The U.S. is a continent-wide single market with free movement across state lines. This has driven economic development since the 19th century. It encouraged mass production, national distribution and labor mobility.
That calculus is changing as services, from home repair to hospitality to health care, make up a bigger chunk of personal spending and a higher proportion of jobs. You can still build a successful enterprise that spreads costs over a huge customer base — see Amazon.com Inc. or Alphabet Inc. (Google) — but many of today’s service jobs are done directly for consumers. They’re in-person and inherently local. Physical therapists and personal trainers can’t telecommute. That makes where people live all the more important to their incomes.
Economists worry that Americans are not moving to where their skills are most in demand. Migration rates have been dropping since the 1980s. The states with the highest incomes also used to have the fastest-growing populations, as Americans moved to places with better jobs. That’s no longer the case. Workers seem stuck.
(Related: House Members File Producer Licensing Bill)
“The interstate migration rate is half of what it was in 1980,” says Janna E. Johnson, an economist at the University of Minnesota’s Humphrey School of Public Affairs. One factor appears to be the high cost of housing in the most productive parts of the country. Another is the spread of occupational licensing.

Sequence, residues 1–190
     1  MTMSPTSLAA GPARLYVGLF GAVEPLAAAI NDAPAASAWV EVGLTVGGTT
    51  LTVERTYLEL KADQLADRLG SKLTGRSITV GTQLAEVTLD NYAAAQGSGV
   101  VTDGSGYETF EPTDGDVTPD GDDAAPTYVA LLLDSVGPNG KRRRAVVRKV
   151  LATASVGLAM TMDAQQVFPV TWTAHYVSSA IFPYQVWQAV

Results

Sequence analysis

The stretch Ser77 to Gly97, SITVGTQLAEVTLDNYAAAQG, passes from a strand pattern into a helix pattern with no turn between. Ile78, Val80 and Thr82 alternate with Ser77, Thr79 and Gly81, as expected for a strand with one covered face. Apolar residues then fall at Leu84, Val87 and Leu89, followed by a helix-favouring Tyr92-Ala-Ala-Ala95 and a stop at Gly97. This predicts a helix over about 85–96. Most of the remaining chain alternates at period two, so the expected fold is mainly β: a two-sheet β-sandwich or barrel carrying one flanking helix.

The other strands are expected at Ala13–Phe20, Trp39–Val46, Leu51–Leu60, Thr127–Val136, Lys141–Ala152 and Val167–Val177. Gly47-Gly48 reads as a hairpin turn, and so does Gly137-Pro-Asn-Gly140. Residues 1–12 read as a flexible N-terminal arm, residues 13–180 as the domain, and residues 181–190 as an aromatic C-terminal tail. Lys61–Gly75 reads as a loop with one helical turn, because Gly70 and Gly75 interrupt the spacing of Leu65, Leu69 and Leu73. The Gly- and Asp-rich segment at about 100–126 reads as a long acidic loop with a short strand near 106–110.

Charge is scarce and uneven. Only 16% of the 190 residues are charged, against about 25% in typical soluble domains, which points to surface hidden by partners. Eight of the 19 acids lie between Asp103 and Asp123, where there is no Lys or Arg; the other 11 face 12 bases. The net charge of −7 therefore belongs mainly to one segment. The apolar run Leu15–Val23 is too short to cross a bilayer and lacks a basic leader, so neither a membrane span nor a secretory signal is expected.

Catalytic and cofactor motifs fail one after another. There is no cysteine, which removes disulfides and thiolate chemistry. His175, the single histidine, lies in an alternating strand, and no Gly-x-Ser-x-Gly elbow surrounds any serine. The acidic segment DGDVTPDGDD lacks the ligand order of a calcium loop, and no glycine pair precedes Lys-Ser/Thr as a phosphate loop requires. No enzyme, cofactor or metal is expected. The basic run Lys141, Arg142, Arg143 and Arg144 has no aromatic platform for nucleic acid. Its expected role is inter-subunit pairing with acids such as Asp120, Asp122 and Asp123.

About one in four Americans work in jobs that require licenses, up from a mere 5% in 1950, and the requirements continue to expand to new occupations. Each state determines its own licensing requirements, so a licensed professional in one state may find it hard to move to another. “A licensed public schoolteacher with a decade of teaching experience in New Hampshire is not legally allowed to teach in an Illinois public school without completing significant new coursework and apprenticeships,” write Johnson and her Minnesota colleague Morris Kleiner in a new working paper that tries to tease out how much licensing limits mobility.
It’s a tricky problem. For starters, notes Johnson, moving “is a pretty rare event.” Only about 2.5% of the population moves between states in a given year. So you need a large dataset to do statistical analysis — and an especially large one to break down migrants by occupation. The economists used the Census Bureau’s American Community Survey, which contains detailed migration and occupation information on more than 15 million people. It records moves both across state lines and within states and further distinguishes between people who moved within the same local area and those who moved between different areas in the same state.
The intrastate distinction helps get around another problem. If your job depends on a network of clients, as many licensed jobs do, it’s hard to move, regardless of legal requirements. Some years back, a contractor doing work in my Los Angeles condo voiced envy at the life of a cousin in Arlington, Texas, midway between Dallas and Fort Worth. There, he said, “You can buy a million-dollar house for $200,000.” He’d like to move, he said, but all his customers were in Southern California. It would be too difficult to start over. A new license was the least of his worries.